Dr McCombe is an . He has a special interest in disc replacement surgery in the lumbar (low back) spine and cervical (neck) spine as well as in disorders of spinal posture (sagittal imbalance). He is also interested in cases of deformity causing nerve compression such as spondylolisthesis and degenerative adult scoliosis. He inserted the first cervical disc replacement in Australia in 2000. He has an interest in spinal implant design and, in conjunction with a neurosurgical colleague, has designed two implant systems used for posterior lumbar interbody fusion (R90 and Capstone Contol). He conducts clinical research into patient outcomes and theoretical mathematical analysis of spinal balance.
AXIALIF - An AXIALIF (Axial Lumbar Interbody Fusion) is a procedure to perform an interbody fusion at the bottom of the spine by placing the instruments below the sacrum and coccyx, getting to the front of the spine through a small incision behind the bottom of the spine.
Lumbar fusion surgery is a procedure performed to immobilize two adjacent vertebrae or a number of vertebrae in the lower back part of the spine. It may be performed to relieve back pain, stabilize the spine, or to restore a more normal shape to the spine.
Grade 1 spondylolisthesis, or a slipped disc, is a spinal condition that can be very painful. When one vertebra slips forward over the other, the result is uncomfortable friction exacerbated by motion. While pain is sometimes confined to the area of slippage, a slipped disc can also put pressure on adjacent nerve roots, causing numbness, tingling, and/or weakness in the extremities.
Spondylolisthesis is the word that spine surgeons use to describe the displacement of one on top of another. It can be caused by aging or repeated microtrauma and has a wide range of symptoms from none at all to pain and nerve symptoms. This confusing word is pronounced "spon-dih-low-lis-thee-sis".
The symptoms of spondylolisthesis can be wide-ranging from an incidental finding on X-ray (no symptoms) to severe back and leg pain with nerve damage. Many cases of spondylolisthesis in children cause few symptoms. Intermittent back pain may be found, especially when arching the back.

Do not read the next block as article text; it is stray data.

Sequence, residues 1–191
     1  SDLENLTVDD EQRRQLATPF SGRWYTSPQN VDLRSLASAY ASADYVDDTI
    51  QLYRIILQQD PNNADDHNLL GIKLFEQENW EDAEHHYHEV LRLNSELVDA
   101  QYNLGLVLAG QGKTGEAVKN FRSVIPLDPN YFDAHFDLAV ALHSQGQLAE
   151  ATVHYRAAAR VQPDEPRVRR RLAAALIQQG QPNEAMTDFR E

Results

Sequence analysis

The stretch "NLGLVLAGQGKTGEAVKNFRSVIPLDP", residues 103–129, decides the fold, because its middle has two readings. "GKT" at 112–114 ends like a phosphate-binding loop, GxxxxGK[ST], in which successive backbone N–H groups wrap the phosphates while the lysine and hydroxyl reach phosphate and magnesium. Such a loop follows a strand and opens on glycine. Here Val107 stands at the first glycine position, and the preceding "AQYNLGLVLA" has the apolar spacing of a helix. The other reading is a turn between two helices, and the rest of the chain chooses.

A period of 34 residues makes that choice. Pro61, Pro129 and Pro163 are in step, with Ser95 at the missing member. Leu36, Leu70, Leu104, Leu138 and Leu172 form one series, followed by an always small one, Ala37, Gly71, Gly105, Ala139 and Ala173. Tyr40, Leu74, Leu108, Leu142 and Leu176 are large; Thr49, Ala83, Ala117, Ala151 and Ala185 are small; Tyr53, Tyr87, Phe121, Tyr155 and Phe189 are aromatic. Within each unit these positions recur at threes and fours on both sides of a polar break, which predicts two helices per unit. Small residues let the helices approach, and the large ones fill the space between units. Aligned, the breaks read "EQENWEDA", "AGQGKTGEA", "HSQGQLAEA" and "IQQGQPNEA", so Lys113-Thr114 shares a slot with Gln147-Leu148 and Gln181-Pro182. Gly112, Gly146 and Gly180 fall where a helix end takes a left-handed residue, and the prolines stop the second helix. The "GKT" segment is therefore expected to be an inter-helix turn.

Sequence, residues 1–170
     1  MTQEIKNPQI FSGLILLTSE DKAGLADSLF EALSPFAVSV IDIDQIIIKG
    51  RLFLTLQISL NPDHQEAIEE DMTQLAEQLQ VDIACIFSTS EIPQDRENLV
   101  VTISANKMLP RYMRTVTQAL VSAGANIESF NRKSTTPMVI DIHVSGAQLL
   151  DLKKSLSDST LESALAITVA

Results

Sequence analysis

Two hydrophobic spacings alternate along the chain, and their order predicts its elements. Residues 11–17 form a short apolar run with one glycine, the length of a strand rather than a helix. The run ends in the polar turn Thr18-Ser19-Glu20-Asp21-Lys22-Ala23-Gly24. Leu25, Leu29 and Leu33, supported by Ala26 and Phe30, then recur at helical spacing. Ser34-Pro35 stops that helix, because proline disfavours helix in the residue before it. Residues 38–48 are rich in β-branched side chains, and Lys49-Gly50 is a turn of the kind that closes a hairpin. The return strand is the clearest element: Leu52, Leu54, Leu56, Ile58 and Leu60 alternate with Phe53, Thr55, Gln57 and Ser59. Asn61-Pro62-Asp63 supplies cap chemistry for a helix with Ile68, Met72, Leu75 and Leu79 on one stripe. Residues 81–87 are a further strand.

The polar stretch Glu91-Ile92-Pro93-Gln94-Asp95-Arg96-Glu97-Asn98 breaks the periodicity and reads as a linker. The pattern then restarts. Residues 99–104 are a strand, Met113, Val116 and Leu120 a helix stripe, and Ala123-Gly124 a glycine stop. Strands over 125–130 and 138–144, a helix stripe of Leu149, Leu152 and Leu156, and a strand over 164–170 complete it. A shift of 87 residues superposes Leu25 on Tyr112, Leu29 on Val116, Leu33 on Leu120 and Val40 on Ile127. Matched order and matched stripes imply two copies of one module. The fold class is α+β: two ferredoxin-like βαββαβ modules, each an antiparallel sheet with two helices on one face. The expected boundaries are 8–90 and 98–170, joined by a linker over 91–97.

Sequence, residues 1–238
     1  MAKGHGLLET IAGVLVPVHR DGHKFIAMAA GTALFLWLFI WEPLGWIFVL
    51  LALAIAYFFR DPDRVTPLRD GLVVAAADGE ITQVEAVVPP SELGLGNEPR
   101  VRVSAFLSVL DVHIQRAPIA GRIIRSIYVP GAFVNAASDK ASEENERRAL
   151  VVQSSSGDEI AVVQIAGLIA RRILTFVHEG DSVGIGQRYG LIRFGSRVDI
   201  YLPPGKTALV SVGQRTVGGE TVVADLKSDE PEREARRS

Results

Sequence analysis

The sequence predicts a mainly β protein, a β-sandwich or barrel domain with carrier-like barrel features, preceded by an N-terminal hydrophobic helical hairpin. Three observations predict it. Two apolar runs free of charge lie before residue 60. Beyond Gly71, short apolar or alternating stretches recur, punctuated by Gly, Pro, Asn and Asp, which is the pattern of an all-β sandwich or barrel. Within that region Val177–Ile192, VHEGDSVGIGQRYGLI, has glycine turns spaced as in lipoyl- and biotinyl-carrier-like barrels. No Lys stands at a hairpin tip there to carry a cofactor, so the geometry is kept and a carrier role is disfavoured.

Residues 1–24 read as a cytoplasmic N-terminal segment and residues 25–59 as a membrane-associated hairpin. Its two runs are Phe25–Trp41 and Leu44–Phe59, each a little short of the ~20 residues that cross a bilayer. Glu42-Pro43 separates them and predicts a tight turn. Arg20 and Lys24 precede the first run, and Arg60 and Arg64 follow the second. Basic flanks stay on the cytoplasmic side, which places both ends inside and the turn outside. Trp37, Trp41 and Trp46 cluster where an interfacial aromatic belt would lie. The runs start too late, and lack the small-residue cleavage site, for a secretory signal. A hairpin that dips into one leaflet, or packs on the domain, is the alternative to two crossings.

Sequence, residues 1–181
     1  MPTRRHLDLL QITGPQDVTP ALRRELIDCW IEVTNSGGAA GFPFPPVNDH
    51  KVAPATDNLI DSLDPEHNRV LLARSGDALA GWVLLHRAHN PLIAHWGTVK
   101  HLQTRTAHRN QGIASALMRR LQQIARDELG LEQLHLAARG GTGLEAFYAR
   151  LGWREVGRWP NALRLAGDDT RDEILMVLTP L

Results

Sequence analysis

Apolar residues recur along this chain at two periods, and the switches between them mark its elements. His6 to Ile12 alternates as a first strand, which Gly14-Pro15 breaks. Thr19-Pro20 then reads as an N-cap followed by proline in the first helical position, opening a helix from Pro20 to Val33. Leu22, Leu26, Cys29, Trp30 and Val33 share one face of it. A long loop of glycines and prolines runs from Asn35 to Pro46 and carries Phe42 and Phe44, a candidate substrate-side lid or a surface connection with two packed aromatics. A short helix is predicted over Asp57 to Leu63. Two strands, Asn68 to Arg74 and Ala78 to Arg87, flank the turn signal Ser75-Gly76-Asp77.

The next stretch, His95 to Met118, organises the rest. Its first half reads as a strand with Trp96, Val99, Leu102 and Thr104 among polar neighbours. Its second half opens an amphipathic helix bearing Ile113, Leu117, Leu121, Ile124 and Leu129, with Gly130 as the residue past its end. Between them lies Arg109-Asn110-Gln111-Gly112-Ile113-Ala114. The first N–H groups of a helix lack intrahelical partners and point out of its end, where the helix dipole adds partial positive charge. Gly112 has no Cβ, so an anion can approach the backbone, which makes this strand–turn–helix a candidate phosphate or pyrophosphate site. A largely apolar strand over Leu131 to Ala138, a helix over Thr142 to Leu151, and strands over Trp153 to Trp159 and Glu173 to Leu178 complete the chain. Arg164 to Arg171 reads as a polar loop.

During other situations, the surgeon may remove a significant amount of bone in order to adequately decompress nerve roots. While this extensive removal of bone will decompress the nerves and relieve pain to the legs, it may at the same time cause instability of the spine. In this case the surgeon will perform a fusion to re-stabilize the spine.
How is Grade 1 Spondylolisthesis Diagnosed and Treated?
The best way to confirm a diagnosis of grade 1 spondylolisthesis is through MRI and CT scans. These images allow your doctor to see the exact position of the slipped disc and the degree of slippage so far. Physical therapy is usually the first step toward managing symptoms of grade 1 spondylolisthesis. However, if this method fails to control pain, surgical treatment may be the best option.
Grade 1 spondylolisthesis can happen as the result of injury at any age, but it usually arises gradually in older adults. As the spinal discs undergo wear and tear, they may become dried out and compressed. This compression of the spine can cause the vertebrae to overlap one another, while the disc itself may protrude into the spinal canal, pinching nerves.
PLIF, & TLIF – Both the PLIF (Posterior Lumbar Interbody Fusion) or TLIF (Transforaminal Lumbar Interbody Fusion) are performed on the back of the spine. The patient will be turned on to their stomach in the operating room in an extremely careful manner to protect all pressure points. The incision is performed in the midline.
When performed from the back, the fusion materials may be placed on both sides of the spine (PLIF) or placed diagonally across the spine from one side (TLIF). A structural support is often placed within the interspace.
Regardless of which type of interbody fusion is performed, screws are often used in the back of the spine to help provide rigidity while the bone fuses and grows. These screws may go through the pedicles and are known as pedicle screws. They may also go through the facet joints in which case they are called facet screws. Screws can be placed into the spine using either an open technique or a minimally invasive technique which may be performed through small incisions in the skin.
Spinal fusion may be performed to relieve back pain, provide stability to the spine or to return the spine to its normal curve. When a patient is experiencing significant pain in the back, a fusion may be performed if it is determined that the pain is coming from the lumbar level.